My princess replied, "Daddy, your son saw it before my mummy threw away the trash, and said it smelled like daddy, and so we kept it, so that while we are playing we can smell daddy. Now you are back; we can throw it away."

Tears of pride filled my eyes; my heart was full of joy. On that day I felt deeply what it meant to be a real father. I picked up both of my kids in my arms and told them how proud I feel always to be their "fine, fine daddy."

The fragrance that they were used to smelling when they snuggled close in bed or when I carried them was all that they needed during my absence to know that I was really close by. As long as they had that empty bottle of cologne and smelled that fragrance, their daddy was not that far away.

I remember doing the same thing as a little boy when my mum or dad had been gone for a while. I would go into their bedroom to smell their clothes, and, at times, I would wear my father's inner shirt to bed so I could smell him. As Christians, we read in 2 Corinthians 2: 14-16, "But thanks be to God, who always leads us in triumphal procession in Christ and through us spreads everywhere the fragrance of the knowledge of him. For we are to God the aroma of Christ — the fragrance of life."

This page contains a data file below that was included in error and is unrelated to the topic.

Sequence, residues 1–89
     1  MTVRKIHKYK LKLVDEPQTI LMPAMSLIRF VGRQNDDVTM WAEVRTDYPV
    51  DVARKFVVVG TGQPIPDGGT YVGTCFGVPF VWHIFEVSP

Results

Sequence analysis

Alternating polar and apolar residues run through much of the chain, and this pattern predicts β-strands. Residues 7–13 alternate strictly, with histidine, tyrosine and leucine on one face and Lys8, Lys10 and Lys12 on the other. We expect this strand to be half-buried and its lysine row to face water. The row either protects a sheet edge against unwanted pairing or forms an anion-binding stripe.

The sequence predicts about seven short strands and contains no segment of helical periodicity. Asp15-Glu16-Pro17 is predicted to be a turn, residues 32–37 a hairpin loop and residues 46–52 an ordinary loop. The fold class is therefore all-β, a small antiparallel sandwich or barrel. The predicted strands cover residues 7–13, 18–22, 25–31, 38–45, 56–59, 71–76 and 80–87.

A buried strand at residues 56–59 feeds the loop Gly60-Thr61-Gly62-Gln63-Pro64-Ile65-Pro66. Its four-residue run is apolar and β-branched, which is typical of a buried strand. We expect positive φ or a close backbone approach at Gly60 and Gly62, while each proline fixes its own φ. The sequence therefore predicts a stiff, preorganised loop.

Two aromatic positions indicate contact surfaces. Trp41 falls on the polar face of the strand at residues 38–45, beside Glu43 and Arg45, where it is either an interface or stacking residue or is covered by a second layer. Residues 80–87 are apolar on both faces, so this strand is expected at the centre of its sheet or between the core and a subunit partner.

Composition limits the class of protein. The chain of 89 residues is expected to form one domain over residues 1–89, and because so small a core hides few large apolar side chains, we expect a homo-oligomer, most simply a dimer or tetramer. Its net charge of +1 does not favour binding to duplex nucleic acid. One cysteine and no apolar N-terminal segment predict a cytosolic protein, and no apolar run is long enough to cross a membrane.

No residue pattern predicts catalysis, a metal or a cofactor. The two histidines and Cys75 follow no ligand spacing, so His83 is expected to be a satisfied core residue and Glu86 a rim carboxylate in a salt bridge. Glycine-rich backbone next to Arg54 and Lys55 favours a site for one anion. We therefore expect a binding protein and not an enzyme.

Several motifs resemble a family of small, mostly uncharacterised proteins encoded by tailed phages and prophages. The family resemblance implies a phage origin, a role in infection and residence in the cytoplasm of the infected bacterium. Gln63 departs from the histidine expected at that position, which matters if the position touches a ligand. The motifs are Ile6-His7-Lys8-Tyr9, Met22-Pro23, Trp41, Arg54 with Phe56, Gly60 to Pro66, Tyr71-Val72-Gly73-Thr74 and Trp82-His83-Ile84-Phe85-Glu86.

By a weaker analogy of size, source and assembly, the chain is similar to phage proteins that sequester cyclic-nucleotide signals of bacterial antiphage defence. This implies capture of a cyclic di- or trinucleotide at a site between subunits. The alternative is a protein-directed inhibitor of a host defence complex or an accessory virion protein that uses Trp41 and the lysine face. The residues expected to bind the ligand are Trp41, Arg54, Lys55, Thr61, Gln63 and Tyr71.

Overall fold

This means God, in His physical absence, even uses us who believe in Him as his fragrance so that others come to know that He is. To those who are being saved, we are the fragrance of life.

To those who have a relationship with Christ, another believer's presence is a wonderful reminder of what God is doing. It is the same in our relationships in marriage or friendships.

We must be the fragrance of life in both our personal and professional life, to our Families and co-workers.

Is it not interesting how we all respond differently to the many fragrances that are sold? Some of my friends like floral scents, and others like spices.